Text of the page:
* Any views expressed in this article are those of the author and not of Thomson Reuters Foundation.Growing number of companies understand that fostering gender diversity in the workplace is not only the right thing to do; it makes business sense
IFC, a member of the World Bank Group and the largest development institution focused on the private sector, and others have demonstrated the business case for investing in women’s employment. A growing number of companies also understand that fostering gender diversity in the workplace is not only the right thing to do; it makes business sense. This understanding shows in the number of companies—more than 1,000—that have signed the UN Women’s Empowerment Principles (WEPs) CEO Statement of Support.
But where there is excitement about moving forward, there are doubts about how to do so. This is why, one year after capturing and communicating the business case in its Investing in Women’s Employment report (2013), IFC launched the SheWorks partnership. This World Bank Group/Clinton Global InitiativeCommitment to Action to boost employment opportunities for more than 360,000 women began with the aim of sharing knowledge and best practices and moving from the question of “why” companies should invest in women to “how” they can put the business case into action.
From why to how
Ten leading private-sector companies joined SheWorks, pledging to implement measures to build a gender-balanced workforce. Members initially made 32 commitments to address gaps between women and men in recruitment, retention, promotion, and the supply chain through such measures as flexible schedules and stronger anti-sexual-harassment mechanisms. The EDGE Certified Foundation, the International Labour Organization, and the UN Global Compact joined SheWorks as strategic partners to foster learning and implement effective diversity practices. Together, we set a performance metric to enhance employment opportunities for 300,000 women by 2016.
How did we do?
September 2015 marked the first anniversary of SheWorks. Our progress reportshows an increase in the number of companies, countries, and lives affected. Membership now includes 13 companies headquartered in nine countries (operating in many more) and representing almost 20 sectors—including traditionally male-dominated industries, such as construction, petrochemicals, energy, and technology.
Almost half of SheWorks members report an increase in the hiring of women since joining the initiative. What’s more, participating firms are improving the lives of more than 360,000 women through a new total of 41 commitments to advance women’s employment. Members have achieved or implemented almost 90% of these commitments. Within a mere 12 months, as a result of improving their leadership-development programs, four members show an increase in women’s promotions to leadership positions. One of these firms reports an increase in the proportion of women managers from 15 to 21 percent.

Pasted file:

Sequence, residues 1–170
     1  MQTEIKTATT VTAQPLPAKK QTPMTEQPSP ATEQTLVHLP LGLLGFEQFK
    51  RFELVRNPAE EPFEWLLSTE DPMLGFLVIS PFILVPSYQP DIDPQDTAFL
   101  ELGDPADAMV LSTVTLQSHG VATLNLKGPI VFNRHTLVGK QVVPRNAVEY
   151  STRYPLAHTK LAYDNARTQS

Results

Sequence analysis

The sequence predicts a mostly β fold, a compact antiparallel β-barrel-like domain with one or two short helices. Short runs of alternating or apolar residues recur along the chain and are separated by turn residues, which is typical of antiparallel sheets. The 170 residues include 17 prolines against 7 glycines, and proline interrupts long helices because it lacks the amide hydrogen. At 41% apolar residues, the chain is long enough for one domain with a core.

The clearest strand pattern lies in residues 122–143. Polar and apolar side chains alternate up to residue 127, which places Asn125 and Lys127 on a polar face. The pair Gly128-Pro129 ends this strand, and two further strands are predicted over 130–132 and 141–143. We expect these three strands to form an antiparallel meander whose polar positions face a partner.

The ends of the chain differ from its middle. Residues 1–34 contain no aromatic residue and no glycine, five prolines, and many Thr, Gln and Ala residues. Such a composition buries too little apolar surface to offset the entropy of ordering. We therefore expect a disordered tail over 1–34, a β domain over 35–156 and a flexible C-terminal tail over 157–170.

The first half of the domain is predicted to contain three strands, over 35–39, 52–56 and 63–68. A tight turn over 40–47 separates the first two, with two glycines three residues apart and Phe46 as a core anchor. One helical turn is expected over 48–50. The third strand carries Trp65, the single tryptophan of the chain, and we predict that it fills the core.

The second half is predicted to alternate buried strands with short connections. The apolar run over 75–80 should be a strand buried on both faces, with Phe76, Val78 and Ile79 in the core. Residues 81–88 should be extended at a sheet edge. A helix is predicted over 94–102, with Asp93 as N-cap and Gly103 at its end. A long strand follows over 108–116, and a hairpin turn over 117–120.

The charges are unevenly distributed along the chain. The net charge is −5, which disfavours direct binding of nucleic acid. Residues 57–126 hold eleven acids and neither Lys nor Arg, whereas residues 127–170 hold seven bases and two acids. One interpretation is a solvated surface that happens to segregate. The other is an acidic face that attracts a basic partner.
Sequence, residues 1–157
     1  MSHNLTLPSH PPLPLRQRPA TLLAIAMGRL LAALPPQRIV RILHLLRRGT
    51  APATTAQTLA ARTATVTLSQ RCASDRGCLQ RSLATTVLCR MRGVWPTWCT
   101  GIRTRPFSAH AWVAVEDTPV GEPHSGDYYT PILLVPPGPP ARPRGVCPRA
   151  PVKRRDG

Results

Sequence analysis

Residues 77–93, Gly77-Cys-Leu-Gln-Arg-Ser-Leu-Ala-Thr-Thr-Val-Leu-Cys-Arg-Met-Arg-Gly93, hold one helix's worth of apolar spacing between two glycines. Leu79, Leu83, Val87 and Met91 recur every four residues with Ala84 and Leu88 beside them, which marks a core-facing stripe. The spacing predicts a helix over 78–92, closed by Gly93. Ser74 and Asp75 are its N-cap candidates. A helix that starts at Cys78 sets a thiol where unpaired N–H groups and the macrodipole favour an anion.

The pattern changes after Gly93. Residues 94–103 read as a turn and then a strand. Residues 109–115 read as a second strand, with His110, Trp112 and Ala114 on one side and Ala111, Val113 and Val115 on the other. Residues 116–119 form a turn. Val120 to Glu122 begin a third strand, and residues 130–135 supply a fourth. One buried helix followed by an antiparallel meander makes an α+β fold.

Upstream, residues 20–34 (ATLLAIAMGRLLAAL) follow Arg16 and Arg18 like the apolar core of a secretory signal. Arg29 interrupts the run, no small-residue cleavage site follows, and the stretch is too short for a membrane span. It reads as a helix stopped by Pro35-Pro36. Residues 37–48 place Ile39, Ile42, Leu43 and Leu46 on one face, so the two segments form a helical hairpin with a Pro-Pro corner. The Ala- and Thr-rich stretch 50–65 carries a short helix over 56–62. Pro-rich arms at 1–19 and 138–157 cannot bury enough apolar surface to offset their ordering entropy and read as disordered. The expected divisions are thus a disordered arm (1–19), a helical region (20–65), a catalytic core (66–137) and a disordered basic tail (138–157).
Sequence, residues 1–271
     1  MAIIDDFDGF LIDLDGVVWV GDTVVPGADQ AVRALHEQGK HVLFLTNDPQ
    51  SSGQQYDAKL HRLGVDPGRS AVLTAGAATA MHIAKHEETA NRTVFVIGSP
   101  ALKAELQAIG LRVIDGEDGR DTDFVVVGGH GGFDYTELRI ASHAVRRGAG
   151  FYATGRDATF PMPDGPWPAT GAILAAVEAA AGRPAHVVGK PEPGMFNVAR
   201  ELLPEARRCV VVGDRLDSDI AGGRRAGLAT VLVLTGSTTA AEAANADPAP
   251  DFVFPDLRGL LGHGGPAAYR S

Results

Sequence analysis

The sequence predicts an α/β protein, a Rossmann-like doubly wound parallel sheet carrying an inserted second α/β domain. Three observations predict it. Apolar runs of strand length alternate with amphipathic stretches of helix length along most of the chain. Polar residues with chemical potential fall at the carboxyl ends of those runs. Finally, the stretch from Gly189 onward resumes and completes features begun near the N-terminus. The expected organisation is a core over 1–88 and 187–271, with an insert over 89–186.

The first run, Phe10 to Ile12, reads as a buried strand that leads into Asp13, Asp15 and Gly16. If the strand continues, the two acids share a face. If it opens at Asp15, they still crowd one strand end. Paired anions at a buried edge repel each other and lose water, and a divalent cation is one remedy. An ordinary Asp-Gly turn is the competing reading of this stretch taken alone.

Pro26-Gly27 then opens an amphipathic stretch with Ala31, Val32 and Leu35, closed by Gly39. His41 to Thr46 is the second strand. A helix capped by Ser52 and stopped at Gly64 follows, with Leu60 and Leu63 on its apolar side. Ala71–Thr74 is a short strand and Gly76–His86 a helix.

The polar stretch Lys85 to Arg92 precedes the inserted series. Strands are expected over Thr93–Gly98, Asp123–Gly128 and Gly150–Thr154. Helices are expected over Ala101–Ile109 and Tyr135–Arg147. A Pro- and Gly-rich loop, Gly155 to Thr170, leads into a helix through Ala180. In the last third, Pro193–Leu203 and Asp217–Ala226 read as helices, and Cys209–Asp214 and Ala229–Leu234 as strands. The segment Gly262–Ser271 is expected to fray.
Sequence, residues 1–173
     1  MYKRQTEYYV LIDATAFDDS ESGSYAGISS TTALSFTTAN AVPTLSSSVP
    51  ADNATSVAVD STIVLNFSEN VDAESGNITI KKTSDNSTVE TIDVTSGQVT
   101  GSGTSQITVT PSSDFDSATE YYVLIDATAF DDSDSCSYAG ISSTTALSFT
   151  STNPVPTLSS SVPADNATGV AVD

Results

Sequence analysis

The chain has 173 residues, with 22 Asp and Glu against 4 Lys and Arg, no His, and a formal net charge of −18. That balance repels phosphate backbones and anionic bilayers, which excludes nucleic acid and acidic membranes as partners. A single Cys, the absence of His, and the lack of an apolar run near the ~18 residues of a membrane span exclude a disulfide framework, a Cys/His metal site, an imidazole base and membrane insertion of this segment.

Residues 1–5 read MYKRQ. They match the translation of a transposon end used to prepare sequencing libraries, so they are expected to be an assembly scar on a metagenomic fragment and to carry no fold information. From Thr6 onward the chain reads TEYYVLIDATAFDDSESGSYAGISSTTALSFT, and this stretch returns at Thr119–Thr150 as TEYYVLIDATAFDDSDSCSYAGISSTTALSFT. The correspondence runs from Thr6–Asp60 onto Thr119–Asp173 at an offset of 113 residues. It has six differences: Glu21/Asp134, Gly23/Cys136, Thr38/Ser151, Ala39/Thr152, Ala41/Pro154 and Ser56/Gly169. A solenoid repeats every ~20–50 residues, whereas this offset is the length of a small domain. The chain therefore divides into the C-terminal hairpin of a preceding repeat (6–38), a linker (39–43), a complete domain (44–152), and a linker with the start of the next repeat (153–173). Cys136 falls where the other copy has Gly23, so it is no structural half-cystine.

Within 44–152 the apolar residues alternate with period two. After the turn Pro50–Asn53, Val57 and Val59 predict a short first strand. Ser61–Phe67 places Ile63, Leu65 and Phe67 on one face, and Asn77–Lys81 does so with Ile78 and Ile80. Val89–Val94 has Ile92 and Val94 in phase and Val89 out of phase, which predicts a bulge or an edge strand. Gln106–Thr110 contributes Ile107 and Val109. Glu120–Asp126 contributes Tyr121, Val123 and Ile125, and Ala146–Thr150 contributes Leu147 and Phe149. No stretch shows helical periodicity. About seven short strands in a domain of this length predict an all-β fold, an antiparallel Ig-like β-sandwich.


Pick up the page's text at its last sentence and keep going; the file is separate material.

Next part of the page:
Lessons and knowledge from SheWorks are also helping IFC clients globally. IFC’s Gender Secretariat is replicating some of the initiatives globally, including in challenging environments. For example, in Papua New Guinea, we are working with client companies to assess and address gender gaps and also leading a business coalition to address gender issues in the workplace. Moreover, with the establishment of the UN WEPs Leadership Group’s first community of practice, SheWorks members share and build knowledge with more than 1,000 UN WEPs signatories. We are now gearing up for the launch of the 2016 SheWorks Knowledge Report, which will consolidate best practices that other companies, industries, and regions can easily replicate.
We have proven that the benefits of investing in women can far outweigh the costs. At IFC, we have seen the evidence that such investment can also be a game-changer in tackling poverty and boosting shared prosperity—our twin corporate goals. With efforts such as SheWorks, we are stepping up our commitment to gender equality by contributing knowledge and resources to make it happen. Thanks to the members, partners, and collaborators in this initiative for helping us realize our first set of goals, thereby deepening our business and development impact. As World Bank Group President Jim Yong Kim said, “Companies that learn to effectively develop and retain women employees will gain a huge competitive advantage.”
Rudaba Nasir, @RudabaNasir, works with IFC’s Gender Secretariat and focuses on women’s employment issues, such as childcare and gender diversity in business leadership. She also facilitates the World Bank Group’s SheWorks global private-sector partnership to advance women’s employment opportunities. Before joining IFC, she worked with the UN and USAID on gender assessments, women’s entrepreneurship and capacity-strengthening initiatives, project management, and impact evaluations in her native Pakistan and across South Asia, Latin America, and Africa. Rudaba has an M.A. in International Development from Ohio University and a BSc. Honors in Economics from Lahore University of Management Sciences.